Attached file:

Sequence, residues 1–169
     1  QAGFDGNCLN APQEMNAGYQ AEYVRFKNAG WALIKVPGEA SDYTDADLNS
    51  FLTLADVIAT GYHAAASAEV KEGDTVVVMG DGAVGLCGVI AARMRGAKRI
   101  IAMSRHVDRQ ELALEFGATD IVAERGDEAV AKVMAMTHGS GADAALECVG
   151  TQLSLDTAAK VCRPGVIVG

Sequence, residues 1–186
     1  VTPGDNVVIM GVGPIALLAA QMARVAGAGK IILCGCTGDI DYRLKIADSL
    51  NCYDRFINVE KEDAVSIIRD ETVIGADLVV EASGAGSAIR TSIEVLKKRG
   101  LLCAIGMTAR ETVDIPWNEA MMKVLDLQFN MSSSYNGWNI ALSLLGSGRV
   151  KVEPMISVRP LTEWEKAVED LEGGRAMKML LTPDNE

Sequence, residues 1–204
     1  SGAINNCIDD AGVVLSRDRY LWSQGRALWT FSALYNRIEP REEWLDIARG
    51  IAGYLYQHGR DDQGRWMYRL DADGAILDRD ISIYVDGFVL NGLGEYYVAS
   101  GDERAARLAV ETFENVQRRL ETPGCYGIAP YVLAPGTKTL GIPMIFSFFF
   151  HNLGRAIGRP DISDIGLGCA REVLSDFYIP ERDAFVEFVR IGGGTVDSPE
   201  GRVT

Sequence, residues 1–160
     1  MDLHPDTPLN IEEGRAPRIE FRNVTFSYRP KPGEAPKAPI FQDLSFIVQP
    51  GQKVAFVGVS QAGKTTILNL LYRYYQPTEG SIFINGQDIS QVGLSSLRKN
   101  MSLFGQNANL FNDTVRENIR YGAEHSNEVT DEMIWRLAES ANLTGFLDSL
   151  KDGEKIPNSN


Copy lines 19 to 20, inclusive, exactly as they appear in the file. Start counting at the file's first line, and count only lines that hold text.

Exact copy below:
    51  GQKVAFVGVS QAGKTTILNL LYRYYQPTEG SIFINGQDIS QVGLSSLRKN
   101  MSLFGQNANL FNDTVRENIR YGAEHSNEVT DEMIWRLAES ANLTGFLDSL